Building your own PC is a fun way to customize your computer’s specs, and the best part is you can get exactly what you want. Whether you’re going to use your computer for gaming, schoolwork, or working in your home office, you’ll need different components depending on your level of activity.
A great way to determine what parts you want for your computer is to contrast specs online with a PC building simulator. Building a virtual PC allows you to compare real-world components (like CPUs, power supplies, and cases) from the comfort of your home.
Why should I use a PC building simulator?
A PC builder simulator allows you to virtually put together a PC while comparing specs to find the best fit for you. A simulator makes it easy to check off all the parts you need for your build, so all you have to do is pick up some thermal paste and put it all together once it arrives at your door.
Building PCs can be daunting if you don’t have experience doing it, so using a simulator can turn a seemingly impossible task into a no-brainer. Simulators not only tell you which components you need, but they include details like price and speed so you can get the best for your money.
A simulator can also help you determine if the parts you want are compatible with each other. Though you will have to do some additional research to find your answer, having all your components in one place before you purchase them can make it a lot easier to make sure they can run together. If the components you wanted aren’t compatible, you’re able to search for a better part with a few simple clicks.
Can my computer run a PC building simulator?
Pretty much any computer can handle running a building program as long as your web browser has the needed system requirements. It also helps to have a reliable graphics card so you don’t miss out on any high-quality images while building your virtual PC.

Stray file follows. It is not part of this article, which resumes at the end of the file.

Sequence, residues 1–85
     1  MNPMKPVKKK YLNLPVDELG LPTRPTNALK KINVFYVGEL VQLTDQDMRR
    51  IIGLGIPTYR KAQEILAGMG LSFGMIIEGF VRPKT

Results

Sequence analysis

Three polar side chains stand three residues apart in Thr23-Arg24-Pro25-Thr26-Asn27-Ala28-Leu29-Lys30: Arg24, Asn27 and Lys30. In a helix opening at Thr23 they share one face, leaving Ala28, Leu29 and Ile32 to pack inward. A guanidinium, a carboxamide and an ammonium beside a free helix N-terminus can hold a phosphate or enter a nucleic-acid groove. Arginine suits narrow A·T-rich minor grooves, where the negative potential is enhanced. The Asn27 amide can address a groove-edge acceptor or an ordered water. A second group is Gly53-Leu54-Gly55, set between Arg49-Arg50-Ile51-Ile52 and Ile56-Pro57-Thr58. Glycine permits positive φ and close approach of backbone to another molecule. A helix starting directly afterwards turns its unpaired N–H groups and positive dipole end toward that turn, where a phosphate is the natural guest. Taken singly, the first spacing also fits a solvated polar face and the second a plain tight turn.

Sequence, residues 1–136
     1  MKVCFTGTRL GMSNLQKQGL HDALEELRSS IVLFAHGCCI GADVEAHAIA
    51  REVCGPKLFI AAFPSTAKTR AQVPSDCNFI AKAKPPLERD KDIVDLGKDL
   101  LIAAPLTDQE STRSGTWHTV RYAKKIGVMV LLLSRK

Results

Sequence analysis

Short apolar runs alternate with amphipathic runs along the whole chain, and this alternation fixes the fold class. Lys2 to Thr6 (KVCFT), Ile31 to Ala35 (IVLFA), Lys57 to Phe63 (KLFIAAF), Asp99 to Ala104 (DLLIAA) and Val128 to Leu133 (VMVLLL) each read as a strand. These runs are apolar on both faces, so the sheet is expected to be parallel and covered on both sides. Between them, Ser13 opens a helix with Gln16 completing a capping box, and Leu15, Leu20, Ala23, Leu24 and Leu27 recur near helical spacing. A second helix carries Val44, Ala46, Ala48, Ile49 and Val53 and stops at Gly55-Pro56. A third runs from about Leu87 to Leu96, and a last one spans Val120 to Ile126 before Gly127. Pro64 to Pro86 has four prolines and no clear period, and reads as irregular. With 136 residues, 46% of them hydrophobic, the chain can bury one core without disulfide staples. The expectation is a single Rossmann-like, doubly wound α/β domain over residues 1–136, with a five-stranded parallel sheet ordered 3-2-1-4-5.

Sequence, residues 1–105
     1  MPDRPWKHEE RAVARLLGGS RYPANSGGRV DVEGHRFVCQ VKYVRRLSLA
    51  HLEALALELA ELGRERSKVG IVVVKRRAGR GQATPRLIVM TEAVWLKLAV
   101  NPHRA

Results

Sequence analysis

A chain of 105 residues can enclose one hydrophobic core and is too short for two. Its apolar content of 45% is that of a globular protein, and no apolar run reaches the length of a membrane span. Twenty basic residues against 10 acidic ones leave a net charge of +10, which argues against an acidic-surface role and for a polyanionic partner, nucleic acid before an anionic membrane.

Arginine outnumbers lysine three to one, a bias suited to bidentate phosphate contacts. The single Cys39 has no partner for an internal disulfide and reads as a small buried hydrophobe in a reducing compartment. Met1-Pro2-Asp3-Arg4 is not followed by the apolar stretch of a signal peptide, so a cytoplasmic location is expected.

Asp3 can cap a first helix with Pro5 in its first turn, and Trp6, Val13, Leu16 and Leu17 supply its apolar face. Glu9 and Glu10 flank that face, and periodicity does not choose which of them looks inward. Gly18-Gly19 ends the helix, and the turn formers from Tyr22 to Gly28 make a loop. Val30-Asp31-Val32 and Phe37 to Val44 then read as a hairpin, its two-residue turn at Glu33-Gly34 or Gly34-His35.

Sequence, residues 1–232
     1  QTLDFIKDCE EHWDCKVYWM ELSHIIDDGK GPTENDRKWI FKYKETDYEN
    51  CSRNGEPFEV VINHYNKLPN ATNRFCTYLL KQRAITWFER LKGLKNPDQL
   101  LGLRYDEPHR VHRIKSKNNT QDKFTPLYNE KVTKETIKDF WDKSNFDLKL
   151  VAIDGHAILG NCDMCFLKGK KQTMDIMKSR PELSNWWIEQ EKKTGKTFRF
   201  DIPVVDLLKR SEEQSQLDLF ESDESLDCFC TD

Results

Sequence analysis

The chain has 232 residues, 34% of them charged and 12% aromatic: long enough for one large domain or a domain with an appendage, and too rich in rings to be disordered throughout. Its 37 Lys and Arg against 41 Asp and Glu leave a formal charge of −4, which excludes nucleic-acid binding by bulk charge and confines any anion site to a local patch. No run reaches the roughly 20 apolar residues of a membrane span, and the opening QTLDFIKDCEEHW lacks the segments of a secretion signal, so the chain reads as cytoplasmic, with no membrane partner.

For Chrome: You can install and run Chrome with the minimum system requirements. To run Chrome on Windows, you need Windows 7 or later and an Intel Pentium 4 processor or later. To run Chrome on Mac, you need OS X Yosemite 10.10 or later.
For Firefox: If you want to use Firefox on Windows, you need Windows 7 or later, and a processor that supports SSE2. You should also have 512 MB of ram and 200 MB of space on your hard drive. To run Firefox on Mac, you need macOS 10.9 or later, and at least an Intel x86 processor. You should also have 512 MB of ram and 200 MB of hard drive space as well.
For Edge: For Windows users who prefer Microsoft Edge, you need to have Windows 7 or later. For Mac users, you need Sierra 10.12 and later. You can also use Edge on Android tablets that have Android KitKat 4.4 or later.
For Other Browsers: You can find the system requirements for any web browser on the browser’s website. Usually found in the help or support section, all you need to do is search for the system requirements and it’ll list what you need for any device.
While you may have to make some updates to your device before you start using a building simulation, it’s worth it so you can check out any component you want before you make a purchase. Seasoned and new builders can benefit from a virtual build since it shows you all the products available for each component you need.
As long as you have the minimum specs required for your preferred web browser, you can run a PC building simulator. Make sure your device is up to date before you start planning your next build so you have one less thing to worry about in real life.